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Friday Philosophy – Building for the Future August 14, 2015

Posted by mwidlake in Architecture, development, Friday Philosophy.
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I started my Oracle working life as a builder – a Forms & Reports Builder (briefly on SQL*Forms V2.3 but thankfully within a month or two we moved up to SQL*Forms V3, SQL*reportwriter V1.1 and SQL*Menu 5 – who remembers SQL*Menu?). Why were we called Builders? I guess as you could get a long way with those tools by drawing screens, utilising the (pretty much new) RI in the underlying Oracle V7 to enforce simple business rules and adding very simple triggers – theoretically not writing much in the way of code. It was deemed to be more like constructing stuff out of bits I guess. But SQL*Forms V3 had PL/SQL V1 built in and on that project we used it a *lot*.

I had been an “Analyst Programmer” for 3 years before then and I’ve continued to be a developer/programmer/constructor-of-code on and off over the intervening couple of decades. I’m still a developer at times. But sometimes I still think of it as being a “builder” as, if you do it write {sorry, little word-play joke there} you are using bits of existing stuff and code designs/patterns you know work well and constructing your system. The novel part, the bit or bits that have never been done before (at least by me), the “architecting” of those units into something interestingly different or the use of improved programming features or techniques vary from almost-none to a few percent. That is the part which I have always considered true “Software Development”.

So am I by implication denigrating the fine and long-standing occupation of traditional builders? You know, men and women who know what a piece of two-by-four is and put up houses that stay put up? No. Look at the below.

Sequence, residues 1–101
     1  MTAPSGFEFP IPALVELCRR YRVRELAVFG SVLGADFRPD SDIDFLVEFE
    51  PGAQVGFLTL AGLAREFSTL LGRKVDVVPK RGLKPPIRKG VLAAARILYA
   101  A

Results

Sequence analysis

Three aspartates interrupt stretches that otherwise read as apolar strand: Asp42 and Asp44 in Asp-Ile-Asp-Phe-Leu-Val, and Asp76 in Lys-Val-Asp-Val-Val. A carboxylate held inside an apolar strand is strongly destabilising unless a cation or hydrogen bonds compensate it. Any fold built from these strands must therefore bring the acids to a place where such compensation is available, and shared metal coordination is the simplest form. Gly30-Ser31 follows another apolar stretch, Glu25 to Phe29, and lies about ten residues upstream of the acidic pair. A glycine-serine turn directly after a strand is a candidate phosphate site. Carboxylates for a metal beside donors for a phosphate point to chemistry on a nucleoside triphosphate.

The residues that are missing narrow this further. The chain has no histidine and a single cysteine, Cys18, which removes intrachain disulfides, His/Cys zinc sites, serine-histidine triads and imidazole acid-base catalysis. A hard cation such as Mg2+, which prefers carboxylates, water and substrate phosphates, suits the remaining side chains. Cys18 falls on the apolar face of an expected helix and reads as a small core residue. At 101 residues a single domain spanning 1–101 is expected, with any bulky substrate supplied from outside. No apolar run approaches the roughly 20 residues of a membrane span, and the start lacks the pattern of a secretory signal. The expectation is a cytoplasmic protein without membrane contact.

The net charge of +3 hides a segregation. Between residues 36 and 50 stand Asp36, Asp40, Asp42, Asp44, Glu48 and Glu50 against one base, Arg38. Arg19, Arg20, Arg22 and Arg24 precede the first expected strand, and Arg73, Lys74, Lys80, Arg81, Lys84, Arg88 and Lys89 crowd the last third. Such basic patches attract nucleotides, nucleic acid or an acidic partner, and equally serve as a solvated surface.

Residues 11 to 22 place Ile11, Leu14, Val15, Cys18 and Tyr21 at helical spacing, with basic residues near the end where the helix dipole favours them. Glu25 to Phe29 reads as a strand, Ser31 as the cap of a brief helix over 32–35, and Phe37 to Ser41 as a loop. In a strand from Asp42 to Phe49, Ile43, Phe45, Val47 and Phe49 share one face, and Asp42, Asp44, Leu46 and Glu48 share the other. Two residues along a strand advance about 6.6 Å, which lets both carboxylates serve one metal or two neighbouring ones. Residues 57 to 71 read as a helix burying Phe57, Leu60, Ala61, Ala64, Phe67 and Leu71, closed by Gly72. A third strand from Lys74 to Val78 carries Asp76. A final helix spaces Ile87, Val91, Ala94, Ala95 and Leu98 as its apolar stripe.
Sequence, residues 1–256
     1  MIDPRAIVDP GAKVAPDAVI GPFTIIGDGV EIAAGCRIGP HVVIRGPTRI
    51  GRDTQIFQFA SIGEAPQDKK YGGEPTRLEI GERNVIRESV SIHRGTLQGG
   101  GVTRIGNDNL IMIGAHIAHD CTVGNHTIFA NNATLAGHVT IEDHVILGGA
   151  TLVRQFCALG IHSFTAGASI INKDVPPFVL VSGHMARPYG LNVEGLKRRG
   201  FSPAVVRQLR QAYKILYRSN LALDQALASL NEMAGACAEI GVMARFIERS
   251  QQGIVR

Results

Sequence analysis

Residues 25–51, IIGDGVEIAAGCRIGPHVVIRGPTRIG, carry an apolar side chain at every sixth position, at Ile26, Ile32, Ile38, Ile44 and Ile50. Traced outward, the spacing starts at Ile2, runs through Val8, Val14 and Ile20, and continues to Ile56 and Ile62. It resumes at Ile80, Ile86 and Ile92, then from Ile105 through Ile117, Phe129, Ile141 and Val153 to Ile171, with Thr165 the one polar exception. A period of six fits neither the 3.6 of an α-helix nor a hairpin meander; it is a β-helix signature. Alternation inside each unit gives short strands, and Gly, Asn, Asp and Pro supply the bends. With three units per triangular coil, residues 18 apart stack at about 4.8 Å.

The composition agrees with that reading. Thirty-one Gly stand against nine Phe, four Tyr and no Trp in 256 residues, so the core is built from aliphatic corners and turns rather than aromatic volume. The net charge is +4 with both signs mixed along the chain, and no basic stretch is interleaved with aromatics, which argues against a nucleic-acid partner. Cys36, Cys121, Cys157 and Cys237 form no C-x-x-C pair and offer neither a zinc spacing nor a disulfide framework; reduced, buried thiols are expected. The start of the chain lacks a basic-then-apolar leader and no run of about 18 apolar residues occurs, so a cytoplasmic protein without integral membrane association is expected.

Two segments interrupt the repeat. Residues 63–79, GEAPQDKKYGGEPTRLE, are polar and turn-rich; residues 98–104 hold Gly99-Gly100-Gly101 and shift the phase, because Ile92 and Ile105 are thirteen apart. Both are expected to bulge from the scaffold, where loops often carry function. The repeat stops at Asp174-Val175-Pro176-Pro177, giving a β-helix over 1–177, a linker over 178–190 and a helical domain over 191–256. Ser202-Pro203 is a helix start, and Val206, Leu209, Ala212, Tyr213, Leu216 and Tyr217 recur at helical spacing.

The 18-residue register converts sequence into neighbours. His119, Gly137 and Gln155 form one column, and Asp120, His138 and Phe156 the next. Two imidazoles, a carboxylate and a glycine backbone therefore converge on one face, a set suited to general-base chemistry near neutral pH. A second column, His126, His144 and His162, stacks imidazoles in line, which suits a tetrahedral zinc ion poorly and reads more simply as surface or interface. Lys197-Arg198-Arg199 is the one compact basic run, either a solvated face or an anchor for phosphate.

House_and_odd_feature

This is part of my neighbour Paul’s house. He is a builder and the black part in the centre with the peaked roof is an extension he added a few years back, by knocking his garage down. The garage was one of three, my two were where the garage doors you can see are and to the left. So he added in his two-story extension, with kitchen below and a very nice en-suite bedroom above, between his house and my ratty, asbestos-riddle garages. Pretty neat. A few years later he knocked down my garages and built me a new one with a study on top (without the asbestos!) and it all looks like it was built with his extension. Good eh? But wait, there is more. You will have noticed the red highlight. What is that white thing?

Closer in - did he forget some plumbing?

Closer in – did he forget some plumbing?


This pipe goes clean through the house

This pipe goes clean through the house

When I noticed that white bit after Paul had finished his extension I figured he had planned more plumbing than he put in. I kept quiet. Then, when he had built my new garage and study, I could not help ask him about the odd plumbing outlet. So he opened it. And it goes through the dividing wall all the way through to the other side of the house. Why?

“Well Martin, putting in cables and pipes and s**t into an existing house that go from one side to the other, especially when there is another building next door, as a real pain in the a**e. It does my ‘ead in. So when a build something that is not detached, I put in a pipe all the way through. Now if I need to run a cable from one side of the house to the other, I have my pipe and I know it is straight, clean, and sloping every so slightly downwards”. Why downwards? “Water Martin. You don’t want water sitting in that pipe!”.